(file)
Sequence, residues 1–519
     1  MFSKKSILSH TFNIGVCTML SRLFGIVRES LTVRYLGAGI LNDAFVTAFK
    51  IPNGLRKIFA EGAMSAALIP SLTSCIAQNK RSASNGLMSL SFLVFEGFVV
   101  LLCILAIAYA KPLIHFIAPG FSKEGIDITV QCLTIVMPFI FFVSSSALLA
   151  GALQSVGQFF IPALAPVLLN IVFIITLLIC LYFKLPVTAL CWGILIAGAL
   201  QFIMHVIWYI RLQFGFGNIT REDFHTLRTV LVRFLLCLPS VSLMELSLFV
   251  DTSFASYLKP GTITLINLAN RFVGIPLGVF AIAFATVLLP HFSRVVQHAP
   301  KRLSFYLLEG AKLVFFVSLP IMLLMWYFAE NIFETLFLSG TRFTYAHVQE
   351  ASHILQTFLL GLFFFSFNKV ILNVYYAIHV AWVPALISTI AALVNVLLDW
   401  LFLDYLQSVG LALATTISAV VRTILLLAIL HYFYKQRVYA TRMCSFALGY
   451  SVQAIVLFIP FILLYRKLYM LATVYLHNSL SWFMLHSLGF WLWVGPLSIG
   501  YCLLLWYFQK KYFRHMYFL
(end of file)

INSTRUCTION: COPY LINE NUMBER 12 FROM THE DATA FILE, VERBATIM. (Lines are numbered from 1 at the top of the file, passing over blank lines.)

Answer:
   501  YCLLLWYFQK KYFRHMYFL